Monday, February 15, 2010

Mardi Gras and Possibility

It is Mardi Gras in my hometown.  To those not from our community, Mardi Gras is nothing but women baring breasts, men getting drunk, and people of all inclinations pinching rounded asses.  Well, a fair amount of that definitely happens, but much more happens as well.  

Mardi Gras is a time for comradeship as well as revelry.  Yes, we go kind of wild, but we have lots of good fun, friendly competition as we dive for throws(at least, most of us), and fellowship with our neighbors.  Mardi Gras season is one of possibility and fantasy.  For one time of the year, people abandon their daily lives--lives often filled with boredom, frustration, and care  The time is one of possibility.  A quarterback can be a king of the grape.  Ordinary citizens can don masks and reign as monarchs.  Regular businessmen can toast the crowd and hurl what--on any other day--would be worthless trinkets at people.  Later those trinkets are often donated to charities for resale.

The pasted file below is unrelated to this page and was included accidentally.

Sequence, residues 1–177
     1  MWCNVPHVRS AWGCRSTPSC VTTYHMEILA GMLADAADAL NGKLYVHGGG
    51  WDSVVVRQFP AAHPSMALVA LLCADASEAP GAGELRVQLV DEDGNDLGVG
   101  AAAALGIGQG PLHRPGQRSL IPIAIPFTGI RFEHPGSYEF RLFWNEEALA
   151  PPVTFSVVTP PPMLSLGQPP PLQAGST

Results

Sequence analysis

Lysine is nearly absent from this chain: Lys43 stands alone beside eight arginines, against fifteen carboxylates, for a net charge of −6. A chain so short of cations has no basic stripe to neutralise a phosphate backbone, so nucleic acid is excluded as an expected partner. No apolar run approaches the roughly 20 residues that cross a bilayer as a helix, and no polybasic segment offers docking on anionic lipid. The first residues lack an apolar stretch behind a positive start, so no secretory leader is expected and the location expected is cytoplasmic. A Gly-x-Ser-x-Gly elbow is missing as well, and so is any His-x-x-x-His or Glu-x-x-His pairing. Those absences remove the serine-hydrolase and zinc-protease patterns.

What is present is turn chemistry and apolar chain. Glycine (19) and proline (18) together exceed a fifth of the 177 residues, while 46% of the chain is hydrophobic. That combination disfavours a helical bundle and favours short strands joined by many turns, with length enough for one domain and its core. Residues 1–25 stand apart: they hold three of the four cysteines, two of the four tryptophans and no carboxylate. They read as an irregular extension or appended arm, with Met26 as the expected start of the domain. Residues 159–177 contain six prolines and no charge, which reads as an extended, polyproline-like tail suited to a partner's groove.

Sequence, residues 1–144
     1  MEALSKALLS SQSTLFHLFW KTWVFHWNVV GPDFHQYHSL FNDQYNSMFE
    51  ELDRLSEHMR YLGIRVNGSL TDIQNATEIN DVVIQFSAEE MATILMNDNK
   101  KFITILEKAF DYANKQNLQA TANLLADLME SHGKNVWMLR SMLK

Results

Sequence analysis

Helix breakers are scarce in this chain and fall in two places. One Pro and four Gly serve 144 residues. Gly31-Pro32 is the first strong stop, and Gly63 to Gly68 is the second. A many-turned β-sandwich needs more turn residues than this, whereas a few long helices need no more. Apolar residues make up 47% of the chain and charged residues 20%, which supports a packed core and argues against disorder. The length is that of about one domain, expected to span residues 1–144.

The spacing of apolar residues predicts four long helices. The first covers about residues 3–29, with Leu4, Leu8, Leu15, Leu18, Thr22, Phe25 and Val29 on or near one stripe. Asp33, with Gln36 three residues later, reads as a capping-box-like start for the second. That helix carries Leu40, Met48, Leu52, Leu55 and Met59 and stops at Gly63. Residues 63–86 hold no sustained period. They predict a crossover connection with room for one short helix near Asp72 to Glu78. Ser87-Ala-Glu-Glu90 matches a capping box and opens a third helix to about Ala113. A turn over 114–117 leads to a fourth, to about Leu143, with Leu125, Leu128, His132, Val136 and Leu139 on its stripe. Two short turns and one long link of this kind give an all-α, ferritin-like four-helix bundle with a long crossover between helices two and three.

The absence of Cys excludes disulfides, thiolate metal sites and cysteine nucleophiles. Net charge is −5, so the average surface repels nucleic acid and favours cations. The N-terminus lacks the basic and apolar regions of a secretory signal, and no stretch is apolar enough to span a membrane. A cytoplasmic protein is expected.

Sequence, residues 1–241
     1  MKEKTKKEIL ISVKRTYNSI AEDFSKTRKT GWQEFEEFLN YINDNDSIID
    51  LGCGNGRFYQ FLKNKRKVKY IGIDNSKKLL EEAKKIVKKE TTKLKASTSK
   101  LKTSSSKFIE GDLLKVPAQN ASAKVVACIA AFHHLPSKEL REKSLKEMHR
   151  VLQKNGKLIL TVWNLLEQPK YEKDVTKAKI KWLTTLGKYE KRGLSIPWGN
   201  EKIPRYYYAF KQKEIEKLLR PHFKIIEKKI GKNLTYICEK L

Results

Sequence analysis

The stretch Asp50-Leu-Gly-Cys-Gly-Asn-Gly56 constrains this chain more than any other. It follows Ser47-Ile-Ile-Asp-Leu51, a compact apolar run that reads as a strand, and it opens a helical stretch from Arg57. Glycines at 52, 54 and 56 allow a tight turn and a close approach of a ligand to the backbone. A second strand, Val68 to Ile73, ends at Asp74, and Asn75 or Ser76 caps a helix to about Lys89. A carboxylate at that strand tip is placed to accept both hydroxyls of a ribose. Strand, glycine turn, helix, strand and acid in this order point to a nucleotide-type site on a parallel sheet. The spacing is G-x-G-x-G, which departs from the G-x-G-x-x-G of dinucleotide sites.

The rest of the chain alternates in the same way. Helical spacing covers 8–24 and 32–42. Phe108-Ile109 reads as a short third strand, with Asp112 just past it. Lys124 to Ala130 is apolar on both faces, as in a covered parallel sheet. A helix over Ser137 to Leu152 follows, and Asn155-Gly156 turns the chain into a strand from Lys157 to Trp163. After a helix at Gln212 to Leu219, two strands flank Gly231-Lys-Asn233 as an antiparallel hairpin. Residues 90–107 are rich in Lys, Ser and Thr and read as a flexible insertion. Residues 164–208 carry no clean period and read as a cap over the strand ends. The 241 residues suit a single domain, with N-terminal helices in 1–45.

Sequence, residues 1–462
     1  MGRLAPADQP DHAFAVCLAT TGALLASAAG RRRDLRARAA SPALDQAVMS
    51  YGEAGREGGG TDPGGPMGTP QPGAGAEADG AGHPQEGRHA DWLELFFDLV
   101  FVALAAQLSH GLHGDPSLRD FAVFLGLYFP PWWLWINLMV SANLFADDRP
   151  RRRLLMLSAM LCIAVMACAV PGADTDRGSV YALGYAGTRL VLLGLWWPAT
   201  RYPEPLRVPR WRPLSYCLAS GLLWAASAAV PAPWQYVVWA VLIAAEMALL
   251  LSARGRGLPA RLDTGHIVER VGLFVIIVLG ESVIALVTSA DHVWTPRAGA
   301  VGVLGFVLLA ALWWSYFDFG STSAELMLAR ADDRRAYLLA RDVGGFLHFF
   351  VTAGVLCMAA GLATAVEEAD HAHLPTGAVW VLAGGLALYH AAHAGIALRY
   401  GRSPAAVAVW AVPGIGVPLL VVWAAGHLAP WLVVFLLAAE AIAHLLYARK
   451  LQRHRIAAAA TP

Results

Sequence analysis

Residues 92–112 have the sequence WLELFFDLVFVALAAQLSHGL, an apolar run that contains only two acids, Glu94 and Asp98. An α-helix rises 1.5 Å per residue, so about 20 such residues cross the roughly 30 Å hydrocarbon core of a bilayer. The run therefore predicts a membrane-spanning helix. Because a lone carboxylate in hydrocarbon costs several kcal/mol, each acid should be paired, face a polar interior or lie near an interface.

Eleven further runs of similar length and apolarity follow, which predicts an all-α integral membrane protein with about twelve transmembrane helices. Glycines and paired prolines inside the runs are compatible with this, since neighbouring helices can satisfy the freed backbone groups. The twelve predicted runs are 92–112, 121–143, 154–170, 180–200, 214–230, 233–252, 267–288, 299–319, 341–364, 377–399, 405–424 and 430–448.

Mardi Gras is a day of escape but also one of possibility.  We dare to dream and hope that our dreams will come true.  That point has been driven home this year in a poignant way.  Many of our Saints players and their coach will reign as monarchs or grand marshals of the parades.  These men elevated their team from the depths of obscurity to the pinnacle of success.  The Saints--once the laughingstocks of the NFL--are now NFL champs , and our whole region made the NFL back down when they tried to appropriate our local slang.  

Mardi Gras is a day of hope and of escape.  It even gives hope to a high school English teacher and fledgling author trying to perfect her current projects.  It gives her hope that dreams come true as she forms into words the new projects pounding through her brian.  

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